He says a second project is underway to use drones to inspect traditional houses for deficiencies in the roofs that could either serve as an entry point for mosquitoes or in the case of flat roofs, identify mosquito breeding sites that contribute to the available pool of mosquito vectors. Changes in identified deficiencies can also impact malaria transmission.

Maharaj says they are running trials in the Ndumo area in the northeast of KwaZulu-Natal “since this area is targeting malaria elimination by 2023”. If the project is successful, the SAMRC plans to introduce drones into the malaria control programmes of KwaZulu-Natal, Limpopo, and Mpumalanga.

‘Project Bloodwing’

Elsewhere, drones are being used to quickly get donated blood to people in need.

In May 2019 the South African National Blood Service (SANBS) launched a new drone-based blood delivery system to help deliver blood to people in remote areas of KwaZulu-Natal and the Eastern Cape. SANBS spokesperson, Khensani Mahlangu says they are planning to roll out the use of drones for blood delivery to the rest of the country.

Mahlangu says the system dubbed ‘Project BloodWing’, is progressing well, and they have made great progress with the testing and piloting. “At the moment, our application is currently with the CAA (Civil Aviation Authority) for review and thereafter, we should receive approval to start flying. SANBS requires an approved license from the CAA to operate drones for its BloodWing Programme,” says Mahlangu.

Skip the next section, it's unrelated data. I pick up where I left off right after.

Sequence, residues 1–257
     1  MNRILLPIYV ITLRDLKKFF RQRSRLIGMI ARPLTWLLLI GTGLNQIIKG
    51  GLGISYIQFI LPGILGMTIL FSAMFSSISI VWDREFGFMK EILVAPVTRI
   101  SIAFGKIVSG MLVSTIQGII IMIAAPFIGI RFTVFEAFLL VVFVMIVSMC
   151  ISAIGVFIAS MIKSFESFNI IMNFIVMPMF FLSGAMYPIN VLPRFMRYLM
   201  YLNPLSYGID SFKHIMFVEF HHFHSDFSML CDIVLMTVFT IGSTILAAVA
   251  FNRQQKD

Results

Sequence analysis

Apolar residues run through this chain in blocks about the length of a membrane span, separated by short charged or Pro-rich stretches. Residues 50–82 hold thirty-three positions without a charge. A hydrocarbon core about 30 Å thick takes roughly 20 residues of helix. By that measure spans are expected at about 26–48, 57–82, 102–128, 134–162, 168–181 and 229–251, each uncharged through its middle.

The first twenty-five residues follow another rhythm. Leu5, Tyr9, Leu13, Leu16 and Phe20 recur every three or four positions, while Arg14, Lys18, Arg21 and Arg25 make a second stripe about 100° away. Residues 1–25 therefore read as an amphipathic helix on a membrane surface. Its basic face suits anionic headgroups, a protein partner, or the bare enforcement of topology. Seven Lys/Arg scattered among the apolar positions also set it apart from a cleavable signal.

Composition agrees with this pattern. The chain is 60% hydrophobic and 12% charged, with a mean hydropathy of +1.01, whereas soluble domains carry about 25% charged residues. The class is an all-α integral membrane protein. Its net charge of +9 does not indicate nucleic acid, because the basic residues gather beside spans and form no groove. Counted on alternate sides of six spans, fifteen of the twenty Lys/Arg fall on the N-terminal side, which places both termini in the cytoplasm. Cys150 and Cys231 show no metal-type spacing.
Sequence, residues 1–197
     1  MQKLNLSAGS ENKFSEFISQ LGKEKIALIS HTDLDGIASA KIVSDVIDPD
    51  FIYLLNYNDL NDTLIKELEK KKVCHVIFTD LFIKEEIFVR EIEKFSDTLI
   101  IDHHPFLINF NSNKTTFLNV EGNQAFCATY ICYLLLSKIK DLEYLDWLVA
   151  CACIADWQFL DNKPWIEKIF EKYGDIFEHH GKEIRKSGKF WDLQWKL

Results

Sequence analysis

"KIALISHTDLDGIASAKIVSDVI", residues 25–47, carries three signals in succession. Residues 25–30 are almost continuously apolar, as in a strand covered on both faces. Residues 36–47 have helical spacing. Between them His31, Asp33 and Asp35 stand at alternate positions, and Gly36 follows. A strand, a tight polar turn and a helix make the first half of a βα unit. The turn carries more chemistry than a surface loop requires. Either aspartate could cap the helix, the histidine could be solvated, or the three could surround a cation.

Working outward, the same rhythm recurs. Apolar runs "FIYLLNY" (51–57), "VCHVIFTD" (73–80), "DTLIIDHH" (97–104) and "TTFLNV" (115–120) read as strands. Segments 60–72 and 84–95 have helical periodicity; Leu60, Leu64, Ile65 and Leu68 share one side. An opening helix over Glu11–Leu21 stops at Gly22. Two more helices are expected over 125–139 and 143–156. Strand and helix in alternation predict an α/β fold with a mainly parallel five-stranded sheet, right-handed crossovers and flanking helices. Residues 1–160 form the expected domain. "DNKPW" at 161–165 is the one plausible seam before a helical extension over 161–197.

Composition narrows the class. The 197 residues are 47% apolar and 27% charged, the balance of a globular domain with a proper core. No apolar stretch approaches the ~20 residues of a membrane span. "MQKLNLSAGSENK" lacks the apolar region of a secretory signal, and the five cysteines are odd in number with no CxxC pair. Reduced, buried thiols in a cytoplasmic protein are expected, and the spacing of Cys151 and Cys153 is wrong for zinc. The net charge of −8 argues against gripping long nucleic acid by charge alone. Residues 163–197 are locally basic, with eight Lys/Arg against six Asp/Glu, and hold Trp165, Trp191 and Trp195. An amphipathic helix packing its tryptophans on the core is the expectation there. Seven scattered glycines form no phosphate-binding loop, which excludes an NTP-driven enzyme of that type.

The CAA is an entity of the Department of Transport that regulates air transport.

Drones to the rescue

The Western Cape Government recently became the first province in South Africa to be allowed to fly drones legally as part of its emergency medical services. After obtaining a Remote Pilot Aircraft Systems Operators Certificate (ROC) last year from the CAA, Western Cape EMS can now fly over public spaces, roads, people, and national key points (with permission from the landowner or its representatives).

“Time is critical in any emergency medical situation and utilising drones when responding to such incidents will minimise the risk of fatalities or the chances of injuries becoming worse,” says Deanna Bessick, EMS spokesperson in the Western Cape.